THE workshop on Traditional Knowledge and Expressions of Culture continued yesterday with discussions covering the areas of Treaties on Traditional Knowledge and Expressions of Culture, Government Policy and the economic benefits of Traditional Knowledge and Expressions of Culture.
Speaking on behalf of the participants, Lawrence Makili said:
“Today like yesterday is also interesting.
“With the examples given in the successful use of Traditional Knowledge in other countries including Fiji, I am encouraged to explore the options we have for commercial purposes.
“The presenters clearly convinced me that the high level of infringements or theft of our Traditional Knowledge and Expressions of Culture is serious.
“It means to me that, we are being deprived of our rights so it is important that we protect our rights and see how we can use these to our benefits”.
Mr Makili goes on to say:
“I am convinced that our Traditional Knowledge and Expressions of Culture can offer a better alternative economic development to industries such as mining, fisheries and other extractive industry sectors.
“Our Government needs to be serious in how it is plans and nurtures the culture and art sector including our TKEC”.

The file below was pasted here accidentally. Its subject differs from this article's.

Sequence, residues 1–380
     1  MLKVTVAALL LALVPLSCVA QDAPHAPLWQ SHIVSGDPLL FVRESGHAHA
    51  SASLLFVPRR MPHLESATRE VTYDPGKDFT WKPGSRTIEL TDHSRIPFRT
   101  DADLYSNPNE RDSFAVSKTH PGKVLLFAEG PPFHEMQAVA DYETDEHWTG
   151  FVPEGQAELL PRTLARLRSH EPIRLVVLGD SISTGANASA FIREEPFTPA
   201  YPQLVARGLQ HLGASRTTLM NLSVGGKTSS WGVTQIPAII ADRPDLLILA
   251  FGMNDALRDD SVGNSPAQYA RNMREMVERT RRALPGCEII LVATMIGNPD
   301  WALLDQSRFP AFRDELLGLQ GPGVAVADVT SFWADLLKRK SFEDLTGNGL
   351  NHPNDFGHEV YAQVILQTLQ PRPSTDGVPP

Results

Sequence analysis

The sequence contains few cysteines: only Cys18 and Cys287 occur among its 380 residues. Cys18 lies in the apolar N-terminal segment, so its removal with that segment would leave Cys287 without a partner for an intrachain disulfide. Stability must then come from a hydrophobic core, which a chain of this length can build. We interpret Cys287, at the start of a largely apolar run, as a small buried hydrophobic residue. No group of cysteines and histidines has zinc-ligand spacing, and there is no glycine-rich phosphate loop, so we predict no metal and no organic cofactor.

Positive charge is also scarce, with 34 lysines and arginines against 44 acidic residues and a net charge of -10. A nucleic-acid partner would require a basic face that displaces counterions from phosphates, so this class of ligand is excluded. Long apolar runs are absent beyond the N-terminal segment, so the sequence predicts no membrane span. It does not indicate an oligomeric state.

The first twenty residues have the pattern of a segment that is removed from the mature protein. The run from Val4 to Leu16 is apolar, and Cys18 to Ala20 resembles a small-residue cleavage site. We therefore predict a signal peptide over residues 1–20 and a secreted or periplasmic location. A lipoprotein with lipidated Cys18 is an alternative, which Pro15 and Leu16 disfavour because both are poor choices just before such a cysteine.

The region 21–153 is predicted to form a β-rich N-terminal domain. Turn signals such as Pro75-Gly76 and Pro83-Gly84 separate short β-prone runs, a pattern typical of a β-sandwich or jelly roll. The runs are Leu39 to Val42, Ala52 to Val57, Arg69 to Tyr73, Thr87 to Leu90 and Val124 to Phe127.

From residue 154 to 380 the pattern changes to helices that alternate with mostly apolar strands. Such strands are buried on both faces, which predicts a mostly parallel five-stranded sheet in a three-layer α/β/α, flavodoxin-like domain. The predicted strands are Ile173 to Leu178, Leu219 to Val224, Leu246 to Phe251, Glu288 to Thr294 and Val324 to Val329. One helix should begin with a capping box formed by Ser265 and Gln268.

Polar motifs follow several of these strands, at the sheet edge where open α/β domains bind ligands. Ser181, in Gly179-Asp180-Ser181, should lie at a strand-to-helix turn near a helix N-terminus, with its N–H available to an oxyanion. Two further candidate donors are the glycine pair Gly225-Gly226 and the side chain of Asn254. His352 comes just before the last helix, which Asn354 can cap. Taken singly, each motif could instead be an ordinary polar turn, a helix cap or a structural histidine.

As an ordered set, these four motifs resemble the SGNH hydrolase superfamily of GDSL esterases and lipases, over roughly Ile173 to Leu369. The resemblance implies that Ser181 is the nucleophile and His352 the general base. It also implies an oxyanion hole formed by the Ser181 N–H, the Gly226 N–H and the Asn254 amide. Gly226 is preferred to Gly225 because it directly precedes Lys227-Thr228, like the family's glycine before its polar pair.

The workshop is hosted by the Ministry of Culture and Tourism.
It is jointly run by Francis Waleanisia (Wale & Associates), Pita Niubalavu (SPC Consultant) and Ilan Kiloe (Melanesian Spearhead Group consultant), Andrew Nihoprara (local consultant) and members of the Ministry of Culture.
The lineup of speakers also included Paul Roughan, Martin Housananu and Genesis Kofana of the Prime Minister’s Office, Joanna Hanu (Attorney General’s office) and other industry representatives including musicians, visual art, film makers, shell money makers and others.
It is also well represented by women and youth.
Today the workshop will be looking in detail at Genetic resources, international treaties on Traditional Knowledge and Expressions of Culture and how these also relate to the new law that Solomon Islands is trying to enact.
These are very technical areas in law but are important for the future of the cultural sector and how our people.